poulter's measure

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Related to poulter's measure: Fourteener

poul·ter's measure

A metrical pattern employing couplets in which the first line is in iambic hexameter and the second is in iambic heptameter.

[From obsolete poulter, a poultry dealer (from the practice of giving a few extra eggs in the dozen), from Middle English pulter, from Old French pouletier; see poultry.]
References in periodicals archive ?
After the sixteenth century, these long lines are often broken up: poulter's measure can become 6, 6, 8, 6--a pattern often used in hymns and called "short meter.
We can see Barrett Browning as either breaking up the long poulter's measure by chopping the alexandrine in half, or as extending short meter by merging its last two lines into one.
In this reading, Barrett Browning's altered poulter's measure adds yet another tempo-another rhythm to pile onto the patterns of state and family, funeral bells, and the sudden loss of childhood.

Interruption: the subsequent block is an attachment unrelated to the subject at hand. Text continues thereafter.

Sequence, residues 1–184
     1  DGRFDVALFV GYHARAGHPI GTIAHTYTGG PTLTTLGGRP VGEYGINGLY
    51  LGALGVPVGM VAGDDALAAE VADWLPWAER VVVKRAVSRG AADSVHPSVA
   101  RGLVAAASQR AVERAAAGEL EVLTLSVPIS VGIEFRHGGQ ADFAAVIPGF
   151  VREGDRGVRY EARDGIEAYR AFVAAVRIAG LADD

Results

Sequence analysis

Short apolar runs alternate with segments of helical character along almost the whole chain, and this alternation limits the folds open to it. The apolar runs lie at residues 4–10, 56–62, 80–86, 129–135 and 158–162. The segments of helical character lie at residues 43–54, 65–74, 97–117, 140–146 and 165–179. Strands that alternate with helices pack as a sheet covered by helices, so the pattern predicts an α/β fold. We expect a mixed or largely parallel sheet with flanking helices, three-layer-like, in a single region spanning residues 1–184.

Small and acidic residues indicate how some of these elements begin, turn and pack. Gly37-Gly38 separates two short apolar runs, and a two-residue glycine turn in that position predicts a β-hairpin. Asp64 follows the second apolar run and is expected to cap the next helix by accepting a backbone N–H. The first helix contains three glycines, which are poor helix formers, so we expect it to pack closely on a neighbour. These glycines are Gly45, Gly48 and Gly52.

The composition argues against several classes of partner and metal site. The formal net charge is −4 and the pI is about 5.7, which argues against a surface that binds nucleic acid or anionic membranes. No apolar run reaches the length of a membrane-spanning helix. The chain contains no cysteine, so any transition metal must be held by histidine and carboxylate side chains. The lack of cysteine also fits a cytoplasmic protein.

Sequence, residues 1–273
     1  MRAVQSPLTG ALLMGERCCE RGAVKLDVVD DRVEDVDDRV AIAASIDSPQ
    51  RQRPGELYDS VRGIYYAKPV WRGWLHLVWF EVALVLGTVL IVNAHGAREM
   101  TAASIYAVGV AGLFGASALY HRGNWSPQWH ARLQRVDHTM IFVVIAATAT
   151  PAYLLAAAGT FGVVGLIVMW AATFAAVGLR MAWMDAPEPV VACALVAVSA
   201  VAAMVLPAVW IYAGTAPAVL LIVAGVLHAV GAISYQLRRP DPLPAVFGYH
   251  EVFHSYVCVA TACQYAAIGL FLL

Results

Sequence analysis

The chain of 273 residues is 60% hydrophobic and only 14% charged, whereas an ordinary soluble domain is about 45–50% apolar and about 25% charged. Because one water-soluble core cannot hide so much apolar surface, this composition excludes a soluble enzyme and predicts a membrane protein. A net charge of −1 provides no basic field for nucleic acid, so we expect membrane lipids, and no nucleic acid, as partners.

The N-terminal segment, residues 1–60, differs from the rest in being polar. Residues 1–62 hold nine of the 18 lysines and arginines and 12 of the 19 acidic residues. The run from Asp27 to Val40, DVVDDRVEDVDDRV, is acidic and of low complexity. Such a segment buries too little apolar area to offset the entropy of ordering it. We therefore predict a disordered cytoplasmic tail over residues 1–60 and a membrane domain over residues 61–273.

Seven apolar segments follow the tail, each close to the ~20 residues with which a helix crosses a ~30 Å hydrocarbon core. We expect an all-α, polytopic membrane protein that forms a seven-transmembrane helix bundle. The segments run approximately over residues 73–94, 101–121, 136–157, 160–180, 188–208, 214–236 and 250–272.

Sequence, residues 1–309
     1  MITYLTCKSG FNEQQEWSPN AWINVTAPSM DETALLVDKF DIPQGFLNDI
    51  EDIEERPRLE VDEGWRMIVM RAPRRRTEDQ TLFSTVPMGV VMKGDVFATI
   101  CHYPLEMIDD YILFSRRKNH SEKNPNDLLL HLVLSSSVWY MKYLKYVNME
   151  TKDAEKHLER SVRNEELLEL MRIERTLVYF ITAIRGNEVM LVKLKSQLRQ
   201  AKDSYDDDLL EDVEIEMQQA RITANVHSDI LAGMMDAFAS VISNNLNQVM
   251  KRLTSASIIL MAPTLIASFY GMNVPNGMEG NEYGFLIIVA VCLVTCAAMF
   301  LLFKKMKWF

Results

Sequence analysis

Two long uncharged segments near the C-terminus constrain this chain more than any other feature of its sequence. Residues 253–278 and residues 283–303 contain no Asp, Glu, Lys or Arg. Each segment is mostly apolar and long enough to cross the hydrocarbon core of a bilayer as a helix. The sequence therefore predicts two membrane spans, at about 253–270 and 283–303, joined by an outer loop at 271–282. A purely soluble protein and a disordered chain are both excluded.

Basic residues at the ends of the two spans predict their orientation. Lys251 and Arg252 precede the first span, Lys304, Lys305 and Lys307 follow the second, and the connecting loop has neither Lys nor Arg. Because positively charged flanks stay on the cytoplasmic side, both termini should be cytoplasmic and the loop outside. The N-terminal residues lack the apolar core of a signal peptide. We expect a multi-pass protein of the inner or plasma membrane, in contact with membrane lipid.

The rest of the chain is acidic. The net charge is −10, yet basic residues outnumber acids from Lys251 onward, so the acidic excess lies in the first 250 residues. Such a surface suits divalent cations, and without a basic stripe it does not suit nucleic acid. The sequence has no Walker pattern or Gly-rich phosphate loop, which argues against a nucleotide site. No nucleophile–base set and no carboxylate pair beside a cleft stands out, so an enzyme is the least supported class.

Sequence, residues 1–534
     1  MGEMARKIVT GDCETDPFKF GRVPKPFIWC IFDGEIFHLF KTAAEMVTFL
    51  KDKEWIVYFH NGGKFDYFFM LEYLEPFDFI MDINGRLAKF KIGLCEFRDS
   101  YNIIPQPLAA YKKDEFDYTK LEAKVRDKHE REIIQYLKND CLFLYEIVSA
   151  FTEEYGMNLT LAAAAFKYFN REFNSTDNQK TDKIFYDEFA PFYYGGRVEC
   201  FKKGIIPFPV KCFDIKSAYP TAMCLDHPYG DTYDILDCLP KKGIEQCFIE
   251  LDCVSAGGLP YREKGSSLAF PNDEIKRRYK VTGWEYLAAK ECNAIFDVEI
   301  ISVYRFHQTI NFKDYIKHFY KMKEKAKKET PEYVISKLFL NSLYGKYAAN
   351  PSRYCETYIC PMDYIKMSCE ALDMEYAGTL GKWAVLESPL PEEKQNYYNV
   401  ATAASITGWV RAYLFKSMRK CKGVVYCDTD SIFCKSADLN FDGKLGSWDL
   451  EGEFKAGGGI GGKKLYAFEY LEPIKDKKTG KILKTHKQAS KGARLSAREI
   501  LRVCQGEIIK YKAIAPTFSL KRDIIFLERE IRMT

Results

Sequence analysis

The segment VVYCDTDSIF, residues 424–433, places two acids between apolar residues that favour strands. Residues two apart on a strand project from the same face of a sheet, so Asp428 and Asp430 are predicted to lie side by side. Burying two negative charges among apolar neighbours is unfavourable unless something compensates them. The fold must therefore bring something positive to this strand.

If he is up for it in what will be a demanding week weather-wise, then the likeable Scouser has Ian Poulter's measure on all recent counts and should not be the rag in Sporting's match-up.
Dougherty took Poulter's measure in the PGA Championship (20th to Poults' missed cut), the US Open (seventh to 36th) and Munich (26th to another missed cut) and it looks as if Poulter is having problems living up to all the hype which follows this Beau Brummel of golf around the globe.
If it goes into a second edition, I hope that the publishers will restore the missing line that would make sense of a quotation from John Carey on page ix and that the horribly misquoted passage from Pope on page 74 receives the ministrations of someone who can tell iambic pentameter from Poulter's measure.
Even a poem like Gascoigne's "In prime of lustie yeares," composed in the deadly Poulter's Measure, acquires an unexpected suavity and lyricism when sung to the "Tinternell" melody that Gascoigne specified.